A PROPOSAL FOR A SYSTEM TO REPLACE ORDINARY RECORD MERCHANDISING
- copyright 1983 by Frank Zappa -
Ordinary phonograph record merchandising as it exists today is a stupid process which concerns itself essentially with pieces of plastic, wrapped in pieces of cardboard.
These objects, in quantity, are heavy and expensive to ship. The manufacturing process is complicated and crude. Quality control for the stamping of the discs is an exercise in futility. The system is subject to pilferage (as, in some instances, pressing 'over-runs' have been initiated, with the quantity pressed above the amount of the legitimate order removed from the premises and sold on the black market).
Dissatisfied customers routinely return records because they are warped and will not play.
Large numbers of people are employed in the field of 'record promotion' . . . these salaries are, for the most part, a waste of money.
New digital technology may eventually solve the warpage problem and provide the consumer with better quality sound in the form of Compact Discs [C.D.'s]. They are smaller, contain more music, and would, presumably cost less to ship . . . but, they are much more expensive to buy and manufacture. To reproduce them, the consumer needs to purchase a digital device to replace his old hi-fi equipment (in the $700 price range).
The bulk of the promotional effort at every record company today is expended on "NEW MATERIAL" . . . the latest and the greatest of whatever the cocaine-tweezed A&R Brass has decided to inflict on everybody. More often than not, these 'aesthetic decisions' result in mountains of useless vinyl/cardboard artifacts which cannot be sold at any price, and are therefore returned for disposal and recycling. These mistakes are expensive.
Put aside momentarily the current method of operation and think what is being wasted in terms of GREAT CATALOG ITEMS, squeezed out of the market place because of limited rack space in retail outlets, and the insatiable desire of quota-conscious company reps to fill every available niche with THIS WEEK'S NEW RELEASES.
Every major record company has vaults full of (and perpetual rights to) great recording by major artists in many categories which might still provide enjoyment to music consumers if they were made available in the right way. MUSIC CONSUMERS LIKE TO CONSUME MUSIC . . . NOT PIECES OF VINYL WRAPPED IN PIECES OF CARDBOARD.
It is our proposal to take advantage of the POSITIVE ASPECTS of a NEGATIVE TREND afflicting the record industry today: HOME TAPING via cassette of material released on vinyl.
First of all, we must realize that the taping of albums is not motivated by 'stinginess' alone . . . if a consumer makes a home tape from a disc, that copy will probably sound better than a commercially manufactured high-speed dupe cassette, legitimately released by the company.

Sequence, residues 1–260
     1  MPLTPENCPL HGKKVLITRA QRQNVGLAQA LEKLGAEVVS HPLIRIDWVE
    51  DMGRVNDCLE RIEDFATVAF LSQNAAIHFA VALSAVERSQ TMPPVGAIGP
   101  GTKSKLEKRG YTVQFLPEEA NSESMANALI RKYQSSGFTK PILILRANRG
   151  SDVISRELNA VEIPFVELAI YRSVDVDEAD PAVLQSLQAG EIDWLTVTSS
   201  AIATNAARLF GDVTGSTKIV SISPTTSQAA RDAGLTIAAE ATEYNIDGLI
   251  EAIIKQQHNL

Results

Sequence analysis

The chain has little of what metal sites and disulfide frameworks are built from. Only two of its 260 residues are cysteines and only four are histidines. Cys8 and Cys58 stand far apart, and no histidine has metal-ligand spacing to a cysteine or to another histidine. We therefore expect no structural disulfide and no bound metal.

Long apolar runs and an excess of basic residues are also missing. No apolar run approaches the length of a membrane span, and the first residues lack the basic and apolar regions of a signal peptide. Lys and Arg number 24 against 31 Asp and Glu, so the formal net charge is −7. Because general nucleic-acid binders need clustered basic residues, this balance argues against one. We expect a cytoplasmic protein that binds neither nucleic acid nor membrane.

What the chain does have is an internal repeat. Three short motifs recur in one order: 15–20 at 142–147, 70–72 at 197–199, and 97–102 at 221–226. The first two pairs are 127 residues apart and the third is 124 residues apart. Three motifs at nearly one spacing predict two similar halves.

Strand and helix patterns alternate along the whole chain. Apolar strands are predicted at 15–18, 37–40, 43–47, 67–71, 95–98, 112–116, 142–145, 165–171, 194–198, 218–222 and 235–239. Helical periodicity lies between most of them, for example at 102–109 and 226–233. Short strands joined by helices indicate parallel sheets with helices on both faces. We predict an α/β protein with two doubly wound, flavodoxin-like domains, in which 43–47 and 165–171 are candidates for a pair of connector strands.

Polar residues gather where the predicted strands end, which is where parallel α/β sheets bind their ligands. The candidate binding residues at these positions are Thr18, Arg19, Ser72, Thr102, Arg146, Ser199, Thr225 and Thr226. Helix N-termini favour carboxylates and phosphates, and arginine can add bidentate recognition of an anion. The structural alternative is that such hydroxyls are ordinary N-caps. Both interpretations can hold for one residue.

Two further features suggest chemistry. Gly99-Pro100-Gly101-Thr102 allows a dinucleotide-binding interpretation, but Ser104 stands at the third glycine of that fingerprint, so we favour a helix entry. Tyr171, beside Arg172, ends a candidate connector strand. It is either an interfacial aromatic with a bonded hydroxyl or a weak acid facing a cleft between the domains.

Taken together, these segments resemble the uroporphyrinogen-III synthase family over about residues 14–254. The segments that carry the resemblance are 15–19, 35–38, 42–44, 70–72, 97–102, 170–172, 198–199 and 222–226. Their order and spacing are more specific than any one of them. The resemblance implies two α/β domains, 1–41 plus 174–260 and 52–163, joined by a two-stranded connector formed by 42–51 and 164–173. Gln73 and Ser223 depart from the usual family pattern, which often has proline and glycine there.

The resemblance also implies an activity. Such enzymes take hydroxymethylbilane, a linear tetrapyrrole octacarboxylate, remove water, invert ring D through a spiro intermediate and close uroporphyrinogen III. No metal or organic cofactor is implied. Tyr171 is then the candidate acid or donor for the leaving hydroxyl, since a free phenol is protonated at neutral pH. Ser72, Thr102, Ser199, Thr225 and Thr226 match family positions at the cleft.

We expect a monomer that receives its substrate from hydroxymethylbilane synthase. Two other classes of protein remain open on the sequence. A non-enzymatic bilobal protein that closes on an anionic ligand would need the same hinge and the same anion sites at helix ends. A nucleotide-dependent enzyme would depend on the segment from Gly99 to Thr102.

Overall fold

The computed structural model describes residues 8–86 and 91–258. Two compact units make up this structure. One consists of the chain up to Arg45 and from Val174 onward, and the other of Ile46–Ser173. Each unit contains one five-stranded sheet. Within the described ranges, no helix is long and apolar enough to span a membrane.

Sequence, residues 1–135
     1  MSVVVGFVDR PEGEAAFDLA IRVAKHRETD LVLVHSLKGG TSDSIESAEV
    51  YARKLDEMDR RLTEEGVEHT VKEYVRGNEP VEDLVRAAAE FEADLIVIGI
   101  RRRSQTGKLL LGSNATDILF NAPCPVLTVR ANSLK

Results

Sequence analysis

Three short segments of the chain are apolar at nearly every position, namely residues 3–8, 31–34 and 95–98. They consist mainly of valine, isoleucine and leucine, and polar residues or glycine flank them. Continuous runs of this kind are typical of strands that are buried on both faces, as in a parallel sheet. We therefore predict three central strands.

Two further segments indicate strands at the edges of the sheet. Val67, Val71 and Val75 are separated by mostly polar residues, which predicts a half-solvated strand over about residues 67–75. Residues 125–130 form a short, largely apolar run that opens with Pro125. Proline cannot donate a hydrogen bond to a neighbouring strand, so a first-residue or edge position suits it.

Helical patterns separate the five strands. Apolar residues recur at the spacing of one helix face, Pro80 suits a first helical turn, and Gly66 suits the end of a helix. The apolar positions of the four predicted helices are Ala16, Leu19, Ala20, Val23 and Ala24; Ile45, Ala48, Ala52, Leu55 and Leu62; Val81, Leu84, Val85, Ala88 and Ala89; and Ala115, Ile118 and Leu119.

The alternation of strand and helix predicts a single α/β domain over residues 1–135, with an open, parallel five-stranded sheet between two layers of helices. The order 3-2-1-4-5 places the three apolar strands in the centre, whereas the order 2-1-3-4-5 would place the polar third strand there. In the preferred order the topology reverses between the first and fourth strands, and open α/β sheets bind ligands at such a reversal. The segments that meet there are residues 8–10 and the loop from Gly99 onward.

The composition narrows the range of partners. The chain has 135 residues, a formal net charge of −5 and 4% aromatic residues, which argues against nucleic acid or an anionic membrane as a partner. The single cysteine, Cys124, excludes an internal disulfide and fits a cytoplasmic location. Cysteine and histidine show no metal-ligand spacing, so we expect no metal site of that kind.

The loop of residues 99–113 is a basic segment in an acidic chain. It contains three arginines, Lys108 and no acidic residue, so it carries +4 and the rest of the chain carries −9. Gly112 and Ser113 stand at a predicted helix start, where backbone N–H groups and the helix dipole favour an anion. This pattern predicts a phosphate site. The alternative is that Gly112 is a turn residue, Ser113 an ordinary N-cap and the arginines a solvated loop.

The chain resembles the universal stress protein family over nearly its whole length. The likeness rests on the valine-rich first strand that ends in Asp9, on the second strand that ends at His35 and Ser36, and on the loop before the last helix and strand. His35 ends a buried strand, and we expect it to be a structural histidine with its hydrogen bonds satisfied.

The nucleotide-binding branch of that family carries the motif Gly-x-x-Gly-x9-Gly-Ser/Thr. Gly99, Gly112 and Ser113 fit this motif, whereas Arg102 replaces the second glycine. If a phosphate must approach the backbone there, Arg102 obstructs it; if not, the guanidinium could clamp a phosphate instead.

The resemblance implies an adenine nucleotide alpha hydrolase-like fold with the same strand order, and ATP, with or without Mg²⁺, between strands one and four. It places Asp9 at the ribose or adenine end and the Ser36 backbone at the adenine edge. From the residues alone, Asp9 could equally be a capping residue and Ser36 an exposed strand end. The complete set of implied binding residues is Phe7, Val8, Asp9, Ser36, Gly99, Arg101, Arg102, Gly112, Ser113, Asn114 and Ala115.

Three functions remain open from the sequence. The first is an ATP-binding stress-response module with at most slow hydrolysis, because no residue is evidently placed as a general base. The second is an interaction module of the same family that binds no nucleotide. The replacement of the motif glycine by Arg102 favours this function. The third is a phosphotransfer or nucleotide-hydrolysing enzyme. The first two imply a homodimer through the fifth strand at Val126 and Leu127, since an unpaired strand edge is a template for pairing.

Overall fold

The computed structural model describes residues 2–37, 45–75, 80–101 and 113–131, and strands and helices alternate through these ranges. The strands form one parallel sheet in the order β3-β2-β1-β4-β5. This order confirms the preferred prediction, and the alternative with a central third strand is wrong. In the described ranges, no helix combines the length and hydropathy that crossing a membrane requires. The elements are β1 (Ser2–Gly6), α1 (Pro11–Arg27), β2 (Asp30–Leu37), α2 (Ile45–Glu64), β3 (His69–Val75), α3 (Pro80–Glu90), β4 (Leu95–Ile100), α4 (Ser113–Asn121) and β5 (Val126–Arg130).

People today enjoy music more than ever before, and, they like to take it with them wherever they go. THEY CAN HEAR THE DIFFERENCE BETWEEN GOOD AUDIO AND BAD AUDIO . . . THEY CARE ABOUT THAT DIFFERENCE, AND THEY ARE WILLING TO GO TO SOME TROUBLE AND EXPENSE TO HAVE HIGH QUALITY 'PORTABLE AUDIO' TO USE AS 'WALLPAPER FOR THEIR LIFESTYLE'.
THE ANSWERS TO PERPLEXING QUESTIONS
We propose to acquire the rights to digitally duplicate and store THE BEST of every record company's difficult-to-move Quality Catalog Items [Q.C.I.], store them in a central processing location, and have them accessible by phone or cable TV, directly patchable into the user's home taping appliances, with the option of direct digital-to-digital transfer to F-1 (SONY consumer level digital tape encoder), Beta Hi-Fi, or ordinary analog cassette (requiring the installation of a rentable D-A converter in the phone itself . . . the main chip is about $12).
All accounting for royalty payments, billing to the customer, etc. would be automatic, built into the initial software for the system.
The consumer has the option of subscribing to one or more Interest Categories, charged at a monthly rate, without regard for the quantity of music he or she decides to tape.
Providing material in such quantity at a reduced cost could actually diminish the desire to duplicate and store it, since it would be available any time day or night.
Monthly listings could be provided by catalog, reducing the on-line storage requirements of the computer. The entire service would be accessed by phone, even if the local reception is via TV cable.
The advantage of the TV cable is: on those channels where nothing ever seems to happen (there's about 70 of them in L.A.), a visualization of the original cover art, including song lyrics, technical data, etc., could be displayed while the transmission is in progress, giving the project an electronic whiff of the original point-of-purchase merchandising built into the album when it was 'an album', since there are many consumers who like to fondle & fetish the packaging while the music is being played. In this situation, Fondlement & Fetishism Potential [F.F.P.] is supplied, without the cost of shipping tons of cardboard around.
We require a LARGE quantity of money and the services of a team of mega-hackers to write the software for this system. Most of the hardware devices are, even as you read this, available as off-the-shelf items, just waiting to be plugged into each other so they can put an end to "THE RECORD BUSINESS" as we now know it.